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Taking Advantage of the Gift-Tax Exemption Before It Lowers

In 2011, the amount of money that a person could give away as a gift without incurring tax penalties rose from $1 million to $5 million. Congress indexed the amount to inflation, so the total amount a person can give in 2012 under the gift-tax exemption is $5.12 million.

However, the gift-tax exemption amount is set to revert to $1 million at the end of 2012, so estate planning experts are advising people to take advantage of the higher gift-tax exemption amount in 2012 to help lower their total holdings and reduce the estate taxes that their loved ones will have to pay. There are a number of ways that people can take advantage of the gift-tax exemption before it is reduced.

Forgiving Loans

Family members often make low-interest loans to one another. Forgiving such debts is a way to utilize the gift-tax exemption. However, experts urge people to proceed with caution when doing this. Unless people follow all of the formalities, the IRS may view such action as debt forgiveness that is taxable as income to the gift recipient.

Equalizing Gifts

In families with grandchildren who vary widely in ages, some grandparents use "equalizing gifts" to take advantage of their gift-tax exemption. In such cases, the grandparents give the grandchildren gifts each year equal to the annual gift-tax exclusion amount. The grandparents then include a provision in their wills or trusts giving the younger children a gift so that the total amount of money that each grandchild received over their lives is equal.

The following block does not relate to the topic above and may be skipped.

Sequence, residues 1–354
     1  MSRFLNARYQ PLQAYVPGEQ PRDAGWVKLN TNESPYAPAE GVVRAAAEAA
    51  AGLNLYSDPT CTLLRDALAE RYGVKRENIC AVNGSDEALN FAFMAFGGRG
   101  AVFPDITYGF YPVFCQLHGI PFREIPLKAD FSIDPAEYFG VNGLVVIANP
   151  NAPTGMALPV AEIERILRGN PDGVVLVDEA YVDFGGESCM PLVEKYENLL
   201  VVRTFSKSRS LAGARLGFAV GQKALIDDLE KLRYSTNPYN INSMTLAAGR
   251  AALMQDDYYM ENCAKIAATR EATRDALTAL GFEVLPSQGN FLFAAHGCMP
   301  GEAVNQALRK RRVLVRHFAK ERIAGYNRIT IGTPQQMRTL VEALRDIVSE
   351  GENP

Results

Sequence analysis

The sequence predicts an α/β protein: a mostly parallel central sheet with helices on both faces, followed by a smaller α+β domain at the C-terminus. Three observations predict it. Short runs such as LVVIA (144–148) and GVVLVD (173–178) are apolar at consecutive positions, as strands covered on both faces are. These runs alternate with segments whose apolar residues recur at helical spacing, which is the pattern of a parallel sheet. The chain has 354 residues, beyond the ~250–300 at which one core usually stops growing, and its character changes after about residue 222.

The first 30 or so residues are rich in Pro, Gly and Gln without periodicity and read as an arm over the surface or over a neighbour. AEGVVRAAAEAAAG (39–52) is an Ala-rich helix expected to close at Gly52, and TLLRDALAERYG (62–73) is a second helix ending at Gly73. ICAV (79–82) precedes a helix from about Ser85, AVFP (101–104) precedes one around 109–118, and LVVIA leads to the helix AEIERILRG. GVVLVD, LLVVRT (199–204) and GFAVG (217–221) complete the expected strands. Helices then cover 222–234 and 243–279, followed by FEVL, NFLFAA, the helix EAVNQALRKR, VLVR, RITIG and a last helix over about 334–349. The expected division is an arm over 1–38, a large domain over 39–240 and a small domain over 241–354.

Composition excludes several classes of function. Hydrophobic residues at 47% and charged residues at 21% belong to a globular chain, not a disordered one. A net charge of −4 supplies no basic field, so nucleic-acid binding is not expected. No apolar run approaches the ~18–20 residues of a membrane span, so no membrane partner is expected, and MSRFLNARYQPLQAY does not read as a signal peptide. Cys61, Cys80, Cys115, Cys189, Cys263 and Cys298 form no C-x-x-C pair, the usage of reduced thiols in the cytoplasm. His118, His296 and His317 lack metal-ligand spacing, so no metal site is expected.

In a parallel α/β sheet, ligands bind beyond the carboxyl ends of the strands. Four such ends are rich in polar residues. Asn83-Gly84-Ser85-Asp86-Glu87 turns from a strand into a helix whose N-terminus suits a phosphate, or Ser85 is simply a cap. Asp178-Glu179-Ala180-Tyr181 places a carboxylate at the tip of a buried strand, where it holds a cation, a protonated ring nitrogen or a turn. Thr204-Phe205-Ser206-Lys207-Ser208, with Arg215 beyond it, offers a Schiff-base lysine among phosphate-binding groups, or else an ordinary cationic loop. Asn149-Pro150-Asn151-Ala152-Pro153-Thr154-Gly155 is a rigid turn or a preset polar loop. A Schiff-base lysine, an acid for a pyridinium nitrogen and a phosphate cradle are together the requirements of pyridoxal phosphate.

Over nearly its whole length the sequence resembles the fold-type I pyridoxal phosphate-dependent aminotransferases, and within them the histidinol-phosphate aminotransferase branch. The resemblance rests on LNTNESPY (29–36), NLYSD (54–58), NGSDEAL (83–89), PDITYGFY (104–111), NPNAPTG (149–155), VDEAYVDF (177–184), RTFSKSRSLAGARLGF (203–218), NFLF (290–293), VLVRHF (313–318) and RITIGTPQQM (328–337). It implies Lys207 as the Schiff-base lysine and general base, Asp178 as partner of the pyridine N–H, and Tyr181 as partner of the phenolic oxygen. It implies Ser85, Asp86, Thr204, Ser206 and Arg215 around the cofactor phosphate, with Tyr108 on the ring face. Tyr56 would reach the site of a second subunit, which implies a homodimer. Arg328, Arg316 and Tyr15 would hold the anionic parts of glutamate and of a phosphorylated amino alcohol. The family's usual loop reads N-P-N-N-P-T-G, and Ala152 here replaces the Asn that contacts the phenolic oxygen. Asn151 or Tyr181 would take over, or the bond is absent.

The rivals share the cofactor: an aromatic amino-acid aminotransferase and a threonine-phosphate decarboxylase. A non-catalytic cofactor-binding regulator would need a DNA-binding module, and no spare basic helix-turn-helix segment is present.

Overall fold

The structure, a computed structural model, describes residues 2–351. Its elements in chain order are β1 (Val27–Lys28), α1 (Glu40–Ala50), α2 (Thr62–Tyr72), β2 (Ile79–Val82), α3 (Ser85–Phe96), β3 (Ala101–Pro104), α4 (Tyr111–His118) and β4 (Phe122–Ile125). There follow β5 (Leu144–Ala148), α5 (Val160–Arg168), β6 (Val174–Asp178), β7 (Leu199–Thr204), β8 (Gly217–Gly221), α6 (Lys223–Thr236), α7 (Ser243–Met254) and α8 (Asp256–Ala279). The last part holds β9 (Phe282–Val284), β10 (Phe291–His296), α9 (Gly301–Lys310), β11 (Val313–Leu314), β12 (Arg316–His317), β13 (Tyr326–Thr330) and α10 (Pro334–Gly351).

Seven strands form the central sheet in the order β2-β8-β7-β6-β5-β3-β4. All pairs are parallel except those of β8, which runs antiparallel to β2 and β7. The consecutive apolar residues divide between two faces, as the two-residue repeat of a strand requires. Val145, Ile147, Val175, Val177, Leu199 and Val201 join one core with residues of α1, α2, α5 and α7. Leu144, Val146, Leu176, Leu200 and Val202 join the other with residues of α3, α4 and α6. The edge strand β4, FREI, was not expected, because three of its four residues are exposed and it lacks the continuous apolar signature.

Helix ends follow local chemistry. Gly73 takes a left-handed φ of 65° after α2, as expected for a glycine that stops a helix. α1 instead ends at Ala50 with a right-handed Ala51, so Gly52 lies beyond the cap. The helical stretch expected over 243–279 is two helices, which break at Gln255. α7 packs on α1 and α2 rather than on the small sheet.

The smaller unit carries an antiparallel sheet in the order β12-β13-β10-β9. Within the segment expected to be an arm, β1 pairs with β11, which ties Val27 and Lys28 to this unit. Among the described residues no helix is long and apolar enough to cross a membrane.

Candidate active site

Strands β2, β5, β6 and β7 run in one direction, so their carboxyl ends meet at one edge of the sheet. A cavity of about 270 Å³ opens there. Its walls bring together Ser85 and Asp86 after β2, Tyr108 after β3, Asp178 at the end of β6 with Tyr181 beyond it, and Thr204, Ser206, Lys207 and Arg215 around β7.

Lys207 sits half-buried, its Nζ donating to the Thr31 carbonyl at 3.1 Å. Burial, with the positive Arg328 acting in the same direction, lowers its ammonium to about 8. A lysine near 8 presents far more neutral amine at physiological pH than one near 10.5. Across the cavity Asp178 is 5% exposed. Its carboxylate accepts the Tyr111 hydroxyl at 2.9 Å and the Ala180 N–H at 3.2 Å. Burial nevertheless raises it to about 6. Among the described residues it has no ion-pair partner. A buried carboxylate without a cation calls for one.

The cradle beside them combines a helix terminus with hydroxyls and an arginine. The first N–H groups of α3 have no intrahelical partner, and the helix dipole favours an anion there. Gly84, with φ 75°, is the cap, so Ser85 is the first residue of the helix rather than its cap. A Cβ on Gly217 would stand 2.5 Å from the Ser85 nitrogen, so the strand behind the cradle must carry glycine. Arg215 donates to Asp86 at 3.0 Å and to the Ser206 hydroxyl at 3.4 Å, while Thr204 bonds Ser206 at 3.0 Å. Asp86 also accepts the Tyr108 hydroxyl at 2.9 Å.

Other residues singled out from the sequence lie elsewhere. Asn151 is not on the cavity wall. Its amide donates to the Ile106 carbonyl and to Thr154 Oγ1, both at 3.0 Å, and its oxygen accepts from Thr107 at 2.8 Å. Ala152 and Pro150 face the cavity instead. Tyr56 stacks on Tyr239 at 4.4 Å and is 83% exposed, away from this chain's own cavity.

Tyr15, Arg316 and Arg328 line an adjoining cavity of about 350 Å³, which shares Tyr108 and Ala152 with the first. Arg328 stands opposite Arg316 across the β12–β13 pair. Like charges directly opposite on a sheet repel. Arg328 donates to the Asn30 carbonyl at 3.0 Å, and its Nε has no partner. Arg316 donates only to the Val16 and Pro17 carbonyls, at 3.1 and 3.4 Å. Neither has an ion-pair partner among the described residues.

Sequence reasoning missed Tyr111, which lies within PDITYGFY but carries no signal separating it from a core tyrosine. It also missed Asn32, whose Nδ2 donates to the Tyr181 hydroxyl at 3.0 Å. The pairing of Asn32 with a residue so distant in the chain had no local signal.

Spousal Limited-Access Trusts

Estate planners have long used irrevocable trusts with spouses, children and grandchildren as beneficiaries as a way to help people utilize the gift-tax exemption to the fullest. A slightly updated version of such trusts is the Spousal Limited-Access Trust, which contains provisions allowing the trust to distribute more money to the surviving spouse should his or her economic situation change greatly.

Such trusts retain the benefit of removing assets from the grantor's estate with the added safety of letting the surviving spouse access the funds, should the need arise.

Talk to a Lawyer

Estate planning can become complicated due to the ever-changing nature of tax laws. If you have questions about the best way to preserve your assets for your loved ones and to minimize transfer taxes, speak with an experienced estate planning attorney.

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Robert M. Mendell, Attorney at Law, P.C.
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